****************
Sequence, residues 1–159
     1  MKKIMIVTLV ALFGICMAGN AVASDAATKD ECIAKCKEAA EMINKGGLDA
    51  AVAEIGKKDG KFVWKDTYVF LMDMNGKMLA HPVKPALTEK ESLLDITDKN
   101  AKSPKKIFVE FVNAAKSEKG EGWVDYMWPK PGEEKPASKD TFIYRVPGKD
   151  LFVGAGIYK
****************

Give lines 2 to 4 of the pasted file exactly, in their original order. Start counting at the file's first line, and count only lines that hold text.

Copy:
     1  MKKIMIVTLV ALFGICMAGN AVASDAATKD ECIAKCKEAA EMINKGGLDA
    51  AVAEIGKKDG KFVWKDTYVF LMDMNGKMLA HPVKPALTEK ESLLDITDKN
   101  AKSPKKIFVE FVNAAKSEKG EGWVDYMWPK PGEEKPASKD TFIYRVPGKD